Compared with traditional upstream oil and gas projects, the oil sands are very difficult and expensive to exploit. While conventional crude oil flows naturally or is pumped from the ground, the oil sands consist of oil that has seeped from deep reservoirs over the last hundred million years and has become mixed with sand and clay. Of the total volume of the oil sands, sand and clay account for 80-85% of the volume, water 4-6% and bitumen (heavy black oil) 10-12% by volume. Typically, oil sands projects are developed in stages, with a designated long-term production plateau of at least 30-40 years, which contrasts with the relatively short production peak rates of conventional developments. With oil sands production, the oil is recovered through both mining in situ — meaning “in place” and also through a separation technology which utilizes an upgrader to separate the oil from the sand and clay. The basic techniques for recovering the reserves from the oil sands include open pit mining (for reserve depths up to 250 feet) and steam-assisted gravity drainage for reserves that are buried deeper (approximately 90% of estimated reserves).

Both the open pit mining and the steam assisted gravity drainage methods of recovering and extracting bitumen are heavy users of natural gas. That is because there are vast quantities of oil and sand that need to be recovered in order to produce a barrel of oil. Typically, two tons of oil sands are needed to produce one barrel of synthetic crude. Some estimates put the amount of natural gas needed to help the oil industry unlock the vast potential of the oil sands at some 2,400 mmcf/d which is quadruple the current usage. The amount of natural gas used to process the bitumen is quite substantial and Lehman Brothers estimates that current technologies utilize between 0.4 mcf – 0.5 mcf of gas per one barrel of synthetic oil when utilizing open pit mining and between 1.0 and 1.5 mcf of gas per one barrel of synthetic oil when steam assisted gravity drainage is the production technique employed. The upshot? With declining natural gas production and increasing worldwide demand for petroleum, there should be continued upward price pressure on natural gas.

The combination of tight conventional oil supplies and geopolitical tensions is creating a near perfect storm for the development of the oil sands. Currently, there are a string of oil sands projects worth tens of billions of dollars which are being planned in Alberta over the next ten years. The three biggest integrated oil sands projects operating in Alberta currently include Syncrude (230,000 barrels/day), Suncor (233,000 barrels/day) and the Athabasca Oil Sands Project (a partnership of Shell Canada, Chevron Canada and Western Oil Sands). These massive projects are often subject to cost overruns and their project economics can be impacted by the high cost of natural gas. Suncor’s cash operating costs averaged C$11.50 in 2003 ($0.40 higher than 2002 costs because of higher natural gas prices) which, when compared with US$2.00 to recover oil in Saudi Arabia and Iraq, puts Canadian producers at a cost disadvantage. But with a tight global oil market (high oil prices) and the lack of exploration, risk investments in Alberta oil sands projects and companies make sense.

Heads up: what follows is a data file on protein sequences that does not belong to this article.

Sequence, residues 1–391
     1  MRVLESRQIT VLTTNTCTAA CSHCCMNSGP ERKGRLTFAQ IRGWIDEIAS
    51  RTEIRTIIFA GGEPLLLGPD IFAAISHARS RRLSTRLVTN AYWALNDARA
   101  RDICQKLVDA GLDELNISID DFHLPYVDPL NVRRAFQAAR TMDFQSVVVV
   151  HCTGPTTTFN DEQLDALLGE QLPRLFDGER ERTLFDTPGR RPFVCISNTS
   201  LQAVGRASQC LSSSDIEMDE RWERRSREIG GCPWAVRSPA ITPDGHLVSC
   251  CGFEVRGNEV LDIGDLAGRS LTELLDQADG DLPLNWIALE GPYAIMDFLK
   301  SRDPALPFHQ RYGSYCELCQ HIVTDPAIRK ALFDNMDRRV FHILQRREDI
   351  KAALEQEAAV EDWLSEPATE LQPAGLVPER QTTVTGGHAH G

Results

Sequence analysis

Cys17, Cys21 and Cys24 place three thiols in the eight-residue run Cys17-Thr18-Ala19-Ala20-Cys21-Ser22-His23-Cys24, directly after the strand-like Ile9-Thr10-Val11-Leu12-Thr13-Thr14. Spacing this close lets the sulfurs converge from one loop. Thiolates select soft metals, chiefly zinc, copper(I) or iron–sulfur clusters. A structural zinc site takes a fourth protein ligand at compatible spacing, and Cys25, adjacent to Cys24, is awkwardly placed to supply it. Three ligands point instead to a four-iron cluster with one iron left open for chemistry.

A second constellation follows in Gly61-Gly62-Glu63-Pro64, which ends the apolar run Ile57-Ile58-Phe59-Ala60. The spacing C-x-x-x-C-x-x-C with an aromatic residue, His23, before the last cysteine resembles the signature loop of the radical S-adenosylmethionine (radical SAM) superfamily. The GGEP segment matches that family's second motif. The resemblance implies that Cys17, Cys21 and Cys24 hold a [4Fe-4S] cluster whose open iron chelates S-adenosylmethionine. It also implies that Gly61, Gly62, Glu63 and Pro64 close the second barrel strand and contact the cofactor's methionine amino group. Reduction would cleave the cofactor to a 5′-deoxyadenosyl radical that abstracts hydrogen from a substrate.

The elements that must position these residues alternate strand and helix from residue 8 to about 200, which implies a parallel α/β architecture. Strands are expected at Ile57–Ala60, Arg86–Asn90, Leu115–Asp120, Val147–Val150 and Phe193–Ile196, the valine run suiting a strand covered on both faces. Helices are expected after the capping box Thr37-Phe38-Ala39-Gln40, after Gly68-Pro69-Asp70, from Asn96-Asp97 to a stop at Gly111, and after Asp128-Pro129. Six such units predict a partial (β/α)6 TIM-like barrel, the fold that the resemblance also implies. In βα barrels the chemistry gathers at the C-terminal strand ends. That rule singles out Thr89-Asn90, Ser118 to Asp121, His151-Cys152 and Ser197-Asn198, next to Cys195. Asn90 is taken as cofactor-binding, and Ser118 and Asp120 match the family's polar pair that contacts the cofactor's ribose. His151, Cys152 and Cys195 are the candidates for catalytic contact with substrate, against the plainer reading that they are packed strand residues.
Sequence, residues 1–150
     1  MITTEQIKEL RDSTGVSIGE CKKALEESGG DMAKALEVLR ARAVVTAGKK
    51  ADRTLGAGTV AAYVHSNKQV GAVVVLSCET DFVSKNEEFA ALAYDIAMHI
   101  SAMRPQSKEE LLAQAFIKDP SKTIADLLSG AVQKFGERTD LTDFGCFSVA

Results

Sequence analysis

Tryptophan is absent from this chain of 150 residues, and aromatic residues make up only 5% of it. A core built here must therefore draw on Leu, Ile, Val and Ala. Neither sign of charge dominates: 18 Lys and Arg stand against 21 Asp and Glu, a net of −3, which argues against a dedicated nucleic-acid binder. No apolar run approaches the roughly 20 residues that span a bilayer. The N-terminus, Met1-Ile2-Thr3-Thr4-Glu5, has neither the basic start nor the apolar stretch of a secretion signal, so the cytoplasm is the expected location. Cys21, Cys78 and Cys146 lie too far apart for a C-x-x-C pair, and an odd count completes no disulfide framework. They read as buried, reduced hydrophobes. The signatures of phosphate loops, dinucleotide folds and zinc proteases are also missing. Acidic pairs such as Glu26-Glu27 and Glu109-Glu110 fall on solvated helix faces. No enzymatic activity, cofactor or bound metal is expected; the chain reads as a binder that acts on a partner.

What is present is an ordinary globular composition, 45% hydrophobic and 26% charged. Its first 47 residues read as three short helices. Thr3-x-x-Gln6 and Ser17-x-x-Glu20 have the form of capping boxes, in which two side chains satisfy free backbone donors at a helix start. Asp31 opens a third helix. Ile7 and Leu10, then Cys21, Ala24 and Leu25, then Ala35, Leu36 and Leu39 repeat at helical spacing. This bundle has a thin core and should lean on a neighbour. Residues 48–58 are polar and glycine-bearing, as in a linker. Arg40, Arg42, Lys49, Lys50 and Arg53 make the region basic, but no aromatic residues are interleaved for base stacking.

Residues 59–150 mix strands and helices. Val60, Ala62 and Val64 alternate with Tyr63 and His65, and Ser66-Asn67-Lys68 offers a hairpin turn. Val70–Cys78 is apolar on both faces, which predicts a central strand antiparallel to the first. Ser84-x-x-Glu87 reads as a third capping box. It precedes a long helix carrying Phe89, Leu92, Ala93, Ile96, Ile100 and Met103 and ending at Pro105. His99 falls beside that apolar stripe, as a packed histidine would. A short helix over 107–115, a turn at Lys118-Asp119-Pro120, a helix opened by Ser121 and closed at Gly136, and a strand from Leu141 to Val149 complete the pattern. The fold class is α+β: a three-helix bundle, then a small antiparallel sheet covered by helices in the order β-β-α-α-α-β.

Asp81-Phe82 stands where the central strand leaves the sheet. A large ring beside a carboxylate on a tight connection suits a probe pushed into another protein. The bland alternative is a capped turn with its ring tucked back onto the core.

One way to play the oil sands story without feeling the impact of project delays and cost overruns is to purchase shares in the pipeline companies that take the product from the oil sands to the market. Enbridge (ENB — target price $56.00 ) is the primary pipeline operator in the region, and its system already transports a portion of the output to refiners as far south as the U.S. mid-continent. The company has aggressive plans to extend its routes to the energy starved U.S. market and is planning a C$650 million southern access pipeline that would move Canadian oil to other major U.S. market hubs, extending as far south as the U.S. Gulf Coast. In addition, the company is also looking at taking up to 400 mb/d of oil sands production to the West Coast to access the California or Asian markets.

StephensonFiles is a division of Stephenson & Company Inc. an investment research and asset management firm which publishes research reports and commentary from time to time on securities and trends in the marketplace. The opinions and information contained herein are based upon sources which we believe to be reliable, but Stephenson & Company makes no representation as to their timeliness, accuracy or completeness. Mr. Stephenson writes a regular commentary on the markets and individual securities and the opinions expressed in this commentary are his own. This report is not an offer to sell or a solicitation of an offer to buy any security. Nothing in this article constitutes individual investment, legal or tax advice. Investments involve risk and an investor may incur profits and losses. We, our affiliates, and any officer, director or stockholder or any member of their families may have a position in and may from time to time purchase or sell any securities discussed in our articles. At the time of writing this article, Mr. Stephenson may or may not have had an investment position in the securities mentioned in this article